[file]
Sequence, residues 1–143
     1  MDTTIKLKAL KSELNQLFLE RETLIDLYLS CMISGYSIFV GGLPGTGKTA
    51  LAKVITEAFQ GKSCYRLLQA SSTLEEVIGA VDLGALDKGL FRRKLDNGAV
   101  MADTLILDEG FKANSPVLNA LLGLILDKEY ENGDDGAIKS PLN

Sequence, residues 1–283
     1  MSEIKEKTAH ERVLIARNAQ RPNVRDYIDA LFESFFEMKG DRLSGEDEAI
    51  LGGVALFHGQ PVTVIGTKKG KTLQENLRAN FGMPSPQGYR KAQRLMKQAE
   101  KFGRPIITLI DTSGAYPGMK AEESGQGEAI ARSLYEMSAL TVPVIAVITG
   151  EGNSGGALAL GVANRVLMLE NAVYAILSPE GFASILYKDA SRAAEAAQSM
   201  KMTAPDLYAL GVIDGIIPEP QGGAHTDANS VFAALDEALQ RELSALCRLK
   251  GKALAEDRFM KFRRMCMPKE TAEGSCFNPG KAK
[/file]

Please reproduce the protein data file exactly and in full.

Sequence, residues 1–143
     1  MDTTIKLKAL KSELNQLFLE RETLIDLYLS CMISGYSIFV GGLPGTGKTA
    51  LAKVITEAFQ GKSCYRLLQA SSTLEEVIGA VDLGALDKGL FRRKLDNGAV
   101  MADTLILDEG FKANSPVLNA LLGLILDKEY ENGDDGAIKS PLN

Sequence, residues 1–283
     1  MSEIKEKTAH ERVLIARNAQ RPNVRDYIDA LFESFFEMKG DRLSGEDEAI
    51  LGGVALFHGQ PVTVIGTKKG KTLQENLRAN FGMPSPQGYR KAQRLMKQAE
   101  KFGRPIITLI DTSGAYPGMK AEESGQGEAI ARSLYEMSAL TVPVIAVITG
   151  EGNSGGALAL GVANRVLMLE NAVYAILSPE GFASILYKDA SRAAEAAQSM
   201  KMTAPDLYAL GVIDGIIPEP QGGAHTDANS VFAALDEALQ RELSALCRLK
   251  GKALAEDRFM KFRRMCMPKE TAEGSCFNPG KAK